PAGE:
1. Model best practices: Effective coaching is much more than a conversation – it’s showing, not telling. Our coaches demonstrate best practices in the teachers’ unique context and show them how to assimilate and incorporate strategies.
  1. Give actionable feedback: In our efforts to grow as coaches, we have identified the features of effective feedback: it’s specific, actionable, timely and relevant to teachers’ needs.
  1. Provide continuous support: Coaching shouldn’t be seen as a scheduled event. Rather, it’s a relationship that must be sustained through frequent communication and continuous support and feedback. Our coaches regularly share new resources and instructional practices with teachers that are specific to the challenges they face in their classrooms and check in often for successes and to help with new challenges. 

There’s no denying that daily stress in a classroom and the feeling of being underappreciated and unsupported can quell even the best teacher’s desire for excellence. But when a coach and a teacher can connect and together build a safe place for feedback and support, great things can happen.

Michael Moody, Ph.D., is the founder and CEO of Insight Education Group. His experiences as a classroom teacher, school and district administrator, and consultant have given him a unique perspective on both the challenges and opportunities in education today. He regularly shares his expertise and thoughts on the Insight Education Group blog. Follow him @DrMichaelMoody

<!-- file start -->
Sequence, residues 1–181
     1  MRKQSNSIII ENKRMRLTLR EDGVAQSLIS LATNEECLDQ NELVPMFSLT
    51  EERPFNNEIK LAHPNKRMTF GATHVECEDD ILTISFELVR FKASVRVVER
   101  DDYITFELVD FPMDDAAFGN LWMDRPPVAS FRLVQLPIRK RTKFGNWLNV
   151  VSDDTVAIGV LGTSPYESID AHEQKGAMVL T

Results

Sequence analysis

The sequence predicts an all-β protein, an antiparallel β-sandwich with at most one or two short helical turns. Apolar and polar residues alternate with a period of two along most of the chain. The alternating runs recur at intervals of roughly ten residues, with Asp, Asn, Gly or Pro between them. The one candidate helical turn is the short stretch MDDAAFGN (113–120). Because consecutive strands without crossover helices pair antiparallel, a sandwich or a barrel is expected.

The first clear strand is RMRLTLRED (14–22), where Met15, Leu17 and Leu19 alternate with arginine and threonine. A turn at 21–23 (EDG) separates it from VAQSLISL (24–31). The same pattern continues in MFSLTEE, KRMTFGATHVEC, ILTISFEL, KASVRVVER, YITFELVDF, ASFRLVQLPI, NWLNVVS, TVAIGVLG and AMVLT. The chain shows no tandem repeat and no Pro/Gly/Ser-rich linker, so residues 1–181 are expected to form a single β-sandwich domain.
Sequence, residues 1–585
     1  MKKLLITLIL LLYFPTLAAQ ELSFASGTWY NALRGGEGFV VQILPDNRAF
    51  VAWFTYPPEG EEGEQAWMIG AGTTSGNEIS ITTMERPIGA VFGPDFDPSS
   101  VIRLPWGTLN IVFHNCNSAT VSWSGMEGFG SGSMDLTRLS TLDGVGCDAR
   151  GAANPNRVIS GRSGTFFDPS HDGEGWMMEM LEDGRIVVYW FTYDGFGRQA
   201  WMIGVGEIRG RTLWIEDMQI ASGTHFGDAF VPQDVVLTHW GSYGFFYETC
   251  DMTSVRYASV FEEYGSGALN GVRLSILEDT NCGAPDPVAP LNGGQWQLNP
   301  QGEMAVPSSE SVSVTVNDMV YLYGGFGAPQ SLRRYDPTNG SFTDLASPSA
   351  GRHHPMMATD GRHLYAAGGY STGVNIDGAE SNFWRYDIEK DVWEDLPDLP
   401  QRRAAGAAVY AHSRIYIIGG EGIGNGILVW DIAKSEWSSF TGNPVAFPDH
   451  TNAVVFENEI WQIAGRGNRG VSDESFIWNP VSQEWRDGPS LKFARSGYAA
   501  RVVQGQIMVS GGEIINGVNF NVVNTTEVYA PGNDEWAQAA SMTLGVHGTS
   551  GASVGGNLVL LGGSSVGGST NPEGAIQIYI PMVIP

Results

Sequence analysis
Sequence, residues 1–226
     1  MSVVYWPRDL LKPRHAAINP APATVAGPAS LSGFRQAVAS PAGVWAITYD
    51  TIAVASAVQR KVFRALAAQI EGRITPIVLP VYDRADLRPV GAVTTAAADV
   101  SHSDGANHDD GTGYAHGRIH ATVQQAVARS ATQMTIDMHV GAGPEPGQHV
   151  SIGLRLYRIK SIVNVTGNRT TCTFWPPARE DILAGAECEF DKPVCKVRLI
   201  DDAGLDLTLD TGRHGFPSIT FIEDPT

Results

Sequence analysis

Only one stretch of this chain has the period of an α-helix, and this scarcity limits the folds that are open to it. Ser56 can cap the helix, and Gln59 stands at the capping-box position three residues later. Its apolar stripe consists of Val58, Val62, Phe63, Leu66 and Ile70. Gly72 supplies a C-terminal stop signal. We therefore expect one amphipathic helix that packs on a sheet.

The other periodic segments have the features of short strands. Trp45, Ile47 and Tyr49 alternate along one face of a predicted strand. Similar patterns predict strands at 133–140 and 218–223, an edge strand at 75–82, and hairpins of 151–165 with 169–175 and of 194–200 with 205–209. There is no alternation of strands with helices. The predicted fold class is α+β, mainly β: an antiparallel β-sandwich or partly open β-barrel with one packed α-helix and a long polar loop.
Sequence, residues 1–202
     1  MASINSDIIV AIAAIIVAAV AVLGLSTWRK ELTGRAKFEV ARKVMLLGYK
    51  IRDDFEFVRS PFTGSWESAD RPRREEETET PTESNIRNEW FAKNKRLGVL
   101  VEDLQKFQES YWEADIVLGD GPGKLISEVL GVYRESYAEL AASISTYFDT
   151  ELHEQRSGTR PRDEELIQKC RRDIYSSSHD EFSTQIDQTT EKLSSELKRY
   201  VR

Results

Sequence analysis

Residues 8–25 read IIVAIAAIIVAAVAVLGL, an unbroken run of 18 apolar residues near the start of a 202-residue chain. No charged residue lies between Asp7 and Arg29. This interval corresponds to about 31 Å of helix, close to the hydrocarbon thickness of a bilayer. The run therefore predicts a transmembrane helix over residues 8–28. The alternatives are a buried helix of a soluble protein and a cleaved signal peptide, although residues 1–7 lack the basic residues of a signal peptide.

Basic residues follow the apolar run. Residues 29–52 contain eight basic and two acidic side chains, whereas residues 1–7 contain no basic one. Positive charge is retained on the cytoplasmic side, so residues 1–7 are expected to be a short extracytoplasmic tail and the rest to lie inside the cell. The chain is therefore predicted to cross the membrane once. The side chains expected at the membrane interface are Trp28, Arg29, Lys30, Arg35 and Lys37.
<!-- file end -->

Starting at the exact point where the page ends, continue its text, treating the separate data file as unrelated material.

Maura Dudley is an associate with Insight Education Group. As a math content specialist, she works with school districts across the nation to implement effective instructional strategies and increase student achievement. Follow her @MauraDudley

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Trends | K-12 Apps Grants Awardees


CREDIT Library of Congress ceiling detailThe Library of Congress has awarded $950K in grants to three groups, Muzzy Lane Software (Newburyport, Mass.), the Indiana University Center on Representative Government (Bloomington, Ind.) and the Roy Rosenzweig Center for History and New Media at George Mason University (Fairfax, Va.), to develop online interactives and mobile apps on the subjects of Congress and civic participation for use in K-12 classrooms. Awards come through the Congressionally-funded Teaching with Primary Sources (TPS) program, a partnership of the Library of Congress and colleges and other educational organizations to deliver professional development programs that help teachers use the Library’s rich reservoir of digitized primary source materials to design challenging, high-quality instruction. The selectees will work with the Library and its TPS partners to develop the interactives and apps. They will use and incorporate not only the Library’s online primary sources, but also many other resources available from the Library. Grantees were chosen from a pool of 33 proposals by panels of individuals with content and technical expertise from government agencies, non-profit organizations, universities, and the Library of Congress. Learn more. And more about TPS.